The Future is Wild
Speculative fiction, science fiction
See scientists below.
No. of episodes
20 - 25 minutes
Animal Planet/Discovery Channel/BBC/Discovery Kids
The Future is Wild was a 2003 "documentary", which used computer-generated imagery to show what life might look like in the future after millions of years of evolution. This series was accompanied by a book written by geologist and author Dougal Dixon and television producer John Adams.
The basic concept of this show is similar to the concept of After Man; the human species has become extinct and animals reconquer the world. The Discovery Channel made the scenario less harsh by stating that the human race had left the planet instead of disappearing completely. Our descendants would then send probes back to Earth to observe how life has changed. Not only do humans become extinct, but major groups of other animals and plants also disappear, including whales and most primates.
This documentary was based on research and interviews with dozens of scientists though some conclusions these scientists made are controversial and other scientists have critcized many ofthe conclusions in the series
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The Future is Wild was divided into three points in time and twelve different ecosystems. The first four ecosystems are set 5 million years hence, the second set of four are set 100 million years hence, and the last four are set 200 million years in the future.
5 million yearsAbout 5 million years hence, the world is in an ice age. Most of the world's freshwater is locked up in the ice caps and glaciers. The animals who live on the borders of the ice have to adapt to the harsh temperatures and unforgiving winters. The tropical rainforests of this future earth have mostly been replaced by tracts of savanna and grassland, devastating such diverse ecosystems as the Amazon basin. The Mediterranean has dried up as Africa moves slowly north towards Europe, which is mostly covered in ice and tundra. The region of Africa east of the rift valley has split off from the mainland to form its own landmass just as Madagascar did millions of years ago. Australia has moved north and collided with New Guinea and parts of Indonesia.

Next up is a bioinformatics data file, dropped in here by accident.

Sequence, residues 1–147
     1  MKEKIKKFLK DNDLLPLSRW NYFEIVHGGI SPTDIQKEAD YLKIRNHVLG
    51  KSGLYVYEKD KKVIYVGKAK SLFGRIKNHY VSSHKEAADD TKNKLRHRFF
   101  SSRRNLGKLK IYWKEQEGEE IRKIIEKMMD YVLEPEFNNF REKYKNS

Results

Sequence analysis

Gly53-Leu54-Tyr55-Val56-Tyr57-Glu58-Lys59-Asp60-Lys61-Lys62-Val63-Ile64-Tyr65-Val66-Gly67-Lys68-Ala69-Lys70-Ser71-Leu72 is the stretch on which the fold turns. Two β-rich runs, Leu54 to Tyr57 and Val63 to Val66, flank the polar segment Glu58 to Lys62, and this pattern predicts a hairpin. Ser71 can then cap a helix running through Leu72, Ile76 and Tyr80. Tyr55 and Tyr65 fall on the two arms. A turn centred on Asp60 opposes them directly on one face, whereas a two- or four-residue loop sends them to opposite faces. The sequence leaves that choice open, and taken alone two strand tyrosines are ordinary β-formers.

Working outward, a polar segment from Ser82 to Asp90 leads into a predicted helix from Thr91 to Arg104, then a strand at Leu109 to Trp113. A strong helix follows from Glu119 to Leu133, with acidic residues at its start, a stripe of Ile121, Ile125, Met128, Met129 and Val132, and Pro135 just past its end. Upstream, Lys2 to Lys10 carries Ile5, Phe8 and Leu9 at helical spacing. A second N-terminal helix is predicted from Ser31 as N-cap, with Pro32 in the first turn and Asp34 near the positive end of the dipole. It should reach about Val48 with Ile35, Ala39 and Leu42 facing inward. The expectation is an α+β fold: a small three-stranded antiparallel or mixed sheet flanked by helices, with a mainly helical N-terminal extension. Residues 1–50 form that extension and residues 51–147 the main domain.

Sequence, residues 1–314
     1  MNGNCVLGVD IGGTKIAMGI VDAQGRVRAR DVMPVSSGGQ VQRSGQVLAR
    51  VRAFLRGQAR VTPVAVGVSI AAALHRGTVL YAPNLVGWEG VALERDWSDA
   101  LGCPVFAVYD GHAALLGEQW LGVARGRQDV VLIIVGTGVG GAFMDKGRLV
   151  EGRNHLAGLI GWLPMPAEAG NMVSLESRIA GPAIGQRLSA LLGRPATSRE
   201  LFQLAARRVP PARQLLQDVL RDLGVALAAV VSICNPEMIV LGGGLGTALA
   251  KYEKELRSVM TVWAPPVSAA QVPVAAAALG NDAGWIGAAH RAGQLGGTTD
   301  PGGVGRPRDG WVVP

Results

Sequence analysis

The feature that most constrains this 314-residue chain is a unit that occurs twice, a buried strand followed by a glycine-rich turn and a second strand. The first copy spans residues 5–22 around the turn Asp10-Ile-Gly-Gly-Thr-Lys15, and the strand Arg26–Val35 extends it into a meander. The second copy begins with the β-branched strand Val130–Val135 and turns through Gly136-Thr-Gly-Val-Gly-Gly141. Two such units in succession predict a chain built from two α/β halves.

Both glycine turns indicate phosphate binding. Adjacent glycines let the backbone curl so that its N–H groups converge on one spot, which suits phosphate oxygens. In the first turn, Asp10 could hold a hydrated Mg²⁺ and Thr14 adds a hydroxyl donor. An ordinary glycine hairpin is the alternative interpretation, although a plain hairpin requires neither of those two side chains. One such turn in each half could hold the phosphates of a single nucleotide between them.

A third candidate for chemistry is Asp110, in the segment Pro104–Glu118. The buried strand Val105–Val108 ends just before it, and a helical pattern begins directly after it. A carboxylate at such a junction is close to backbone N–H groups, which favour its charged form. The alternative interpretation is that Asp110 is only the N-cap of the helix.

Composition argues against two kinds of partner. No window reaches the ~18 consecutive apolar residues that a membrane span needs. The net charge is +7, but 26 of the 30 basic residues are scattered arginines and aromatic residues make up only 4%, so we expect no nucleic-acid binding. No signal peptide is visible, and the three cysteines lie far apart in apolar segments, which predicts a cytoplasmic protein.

North American Desert
During this time of cold temperatures, the central region of the North American continent has become a vast desert. It is just as cold as the Gobi Desert was and is frequently battered by fierce sandstorms. The desert also receives snowfall in higher areas and encounters tornadoes. The few plants that live in this desolate region are hardy and adaptable. The inhabitants of this region, including the armored rattlebacks, also have to be wary of huge diurnal bats.
Once a great sea, the Mediterranean has become a large salt basin. The area is about 6,500 feet or 2,000 meters below sea level. It consists of brine lakes and salt flats that turn into salty mush in the rare event that it rains. The islands of the Mediterranean now dot the landscape as mountains. Due to high salinity, only bacteria and algae survive in the Mediterranean lakes. Brine flies have been able to flourish here as well.
The Amazon basin was the most biodiverse region in the world, but now it has been reduced to stretches of savanna. The area now receives very little rainfall, causing the Amazon river to dwindle. Bushfires are common, ignited by lightning or sunlight. The Amazon is now home to the last species of primate on Earth, the babookari.
North European Ice